• Volatility: Stocks can be volatile, just read topic one. Crypto though, in most cases, is volatile. Reasons for this vary by coin, with Bitcoin’s volatility being due to a low float, concentrated holdings, and the fact that its intrinsic value is uncertain. For other coins, reasons may be similar or different, but the inherent volatility of an emerging asset is the same. 
  • Purpose: Each crypto project has its own goal, and the coins that coincide with them exist as incentive for the validators who support their decentralized system. You don’t need to understand every crypto’s mission statement, but at least get the gist of the one you want to invest in. 
  • Regulation: Crypto is an asset for now, and you will pay capital gains taxes on it if applicable. Outside of that, oversight and regulation are limited, but improving. 
  • Security: Crypto exchanges where coins can be bought often ensure your dollars on the platform, but not your crypto. So, there’s a slight risk you could lose your crypto in the event of a hack. This is the risk of keeping your coins in a hot wallet, and you should understand the difference between that and cold storage before investing.

If you’re still not sure about crypto, try this decision tree:

💡And if you haven't already, take this bite-size lesson on crypto basics:


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Saving too much?

What do you mean, saving too much? How is that even possible? Saving profusely might’ve been a good idea before modern times, but now, opportunities to grow your extra money abound, and a savings account isn’t one of those opportunities. 

Saving money can be a great addiction to have, up to a certain point. In fact, you could even say it’s a good problem. It could certainly be worse. Nevertheless, being an olympic champion mattress stuffer isn’t likely going to make us wealthy, or prepare us for life post-career.

Here are a few signs you’re over-saving:

  • Your savings is overflowing: The definition of overflowing is subjective to your situation. The widely dispersed rule of thumb is to save 3-6 months of expenses, but what if that doesn’t feel like enough? A guideline with more leeway might be 6 months for dual-income households, and one year for singles. Whatever your number, if you’re past this point and still stacking Benjamins in the vault, you may be over-saving.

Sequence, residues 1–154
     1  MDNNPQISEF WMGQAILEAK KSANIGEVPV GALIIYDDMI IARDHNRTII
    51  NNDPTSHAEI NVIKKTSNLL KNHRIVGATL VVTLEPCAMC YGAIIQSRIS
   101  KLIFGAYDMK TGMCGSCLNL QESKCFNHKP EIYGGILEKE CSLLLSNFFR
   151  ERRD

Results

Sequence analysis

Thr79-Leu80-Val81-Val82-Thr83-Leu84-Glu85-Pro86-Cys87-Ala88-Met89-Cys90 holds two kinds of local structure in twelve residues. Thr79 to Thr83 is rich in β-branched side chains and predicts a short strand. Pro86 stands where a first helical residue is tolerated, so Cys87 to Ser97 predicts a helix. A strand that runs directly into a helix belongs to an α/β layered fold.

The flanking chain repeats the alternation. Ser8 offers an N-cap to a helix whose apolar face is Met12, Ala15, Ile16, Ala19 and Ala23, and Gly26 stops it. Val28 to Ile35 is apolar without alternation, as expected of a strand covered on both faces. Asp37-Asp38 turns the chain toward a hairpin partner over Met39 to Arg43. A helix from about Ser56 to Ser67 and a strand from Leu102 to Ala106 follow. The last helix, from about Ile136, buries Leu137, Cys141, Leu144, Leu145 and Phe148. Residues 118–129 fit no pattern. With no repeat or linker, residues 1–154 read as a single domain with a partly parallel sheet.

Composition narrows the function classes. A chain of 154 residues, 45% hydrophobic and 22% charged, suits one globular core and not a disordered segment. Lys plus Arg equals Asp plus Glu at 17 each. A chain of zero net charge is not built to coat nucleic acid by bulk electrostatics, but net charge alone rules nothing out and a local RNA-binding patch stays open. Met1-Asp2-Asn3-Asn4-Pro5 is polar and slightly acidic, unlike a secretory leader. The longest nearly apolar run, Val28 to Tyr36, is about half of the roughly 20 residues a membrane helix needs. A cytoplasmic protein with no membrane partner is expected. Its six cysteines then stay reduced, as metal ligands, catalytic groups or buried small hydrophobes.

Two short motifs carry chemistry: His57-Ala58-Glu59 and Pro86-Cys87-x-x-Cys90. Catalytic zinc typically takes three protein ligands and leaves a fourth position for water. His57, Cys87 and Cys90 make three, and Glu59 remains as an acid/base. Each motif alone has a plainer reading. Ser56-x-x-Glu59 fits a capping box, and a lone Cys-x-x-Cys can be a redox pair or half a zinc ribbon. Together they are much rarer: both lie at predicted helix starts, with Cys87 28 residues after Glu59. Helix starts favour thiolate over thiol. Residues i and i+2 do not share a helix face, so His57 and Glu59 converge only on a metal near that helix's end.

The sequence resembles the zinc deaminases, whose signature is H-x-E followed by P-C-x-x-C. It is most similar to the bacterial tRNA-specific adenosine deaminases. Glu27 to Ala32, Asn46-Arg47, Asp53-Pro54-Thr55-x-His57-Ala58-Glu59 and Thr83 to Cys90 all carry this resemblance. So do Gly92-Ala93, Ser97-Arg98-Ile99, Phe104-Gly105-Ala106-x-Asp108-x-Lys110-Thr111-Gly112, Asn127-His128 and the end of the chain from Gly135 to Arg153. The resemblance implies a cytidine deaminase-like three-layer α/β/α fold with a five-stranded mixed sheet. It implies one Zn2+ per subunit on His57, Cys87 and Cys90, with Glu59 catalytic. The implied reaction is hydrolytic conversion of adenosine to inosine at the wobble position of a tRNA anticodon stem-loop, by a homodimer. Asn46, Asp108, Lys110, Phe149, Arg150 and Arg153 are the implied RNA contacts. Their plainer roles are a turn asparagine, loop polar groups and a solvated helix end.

• You’re not contributing to retirement: If you’ve filled your emergency fund to the brim and you’re not shifting any of that towards retirement or investments, you might as well be diagnosed a chronic saver. Retirement investing is as important as saving, and a vital step toward preparing for the next stage of life no matter how far out it seems. 
  • You have analysis paralysis: If you’re financially stable with a fully-funded emergency fund and contributing to retirement with money left over and still finding yourself staring at the cart subtotal for those $80 shoes, it’s probably a sign you're an over-saver. Understanding your anxieties here can be helpful. 


Today's Movers & Shakers

  • Tesla (-4%) after Elon Musk said that it hasn’t yet signed an agreement with Hertz
  • Pfizer (4%) issued an improved outlook and beat on profit & revenue estimates
  • Under Armour (+9%) after beating consensus estimates and raising its full-year outlook
  • Generac (-5.5%) reported lower than expected revenues but beat the street's profit estimate
  • DuPont (-1.9%) cut full-year outlook citing deceleration in orders due to the global chip shortage
  • Estee Lauder (-1.9%) beat estimates but cut its annual sales outlook
  • Avis (+7%) on heavy demand for rental cars; it also beat earnings estimates
  • Simon Property Group (+4%) as revenues came ahead of estimates; the firm also reported 2x profit estimates
  • Clorox (+2.2%) posted better than expected earnings and revenues
  • Chegg (-31%), an education tech company, reported weak quarterly figures and missed on subscriber estimates

This commentary is as of 9:05 am EDT.


  • Answer: 49% of investors are checking their investments’ performance once a day or more. Here's why that's a problem  (CNBC Select)
  • 🌎 Climate change & COP26: What is it and why is it happening in Glasgow right now? (BBC)
  • Finny lesson of the day. As market volatility continues, let's go back to some basics. Take this 6-min digestible lesson for an insight or two on how to value stocks:

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The Gist is Finny's twice a week (Tues & Thurs) newsletter covering personal finance & investing insights and money trends. Finny does not offer investment and stock advice. The editorial team: Austin PayneChihee Kim. Ashu's Corporate Corner is brought to you by Ashu Singh.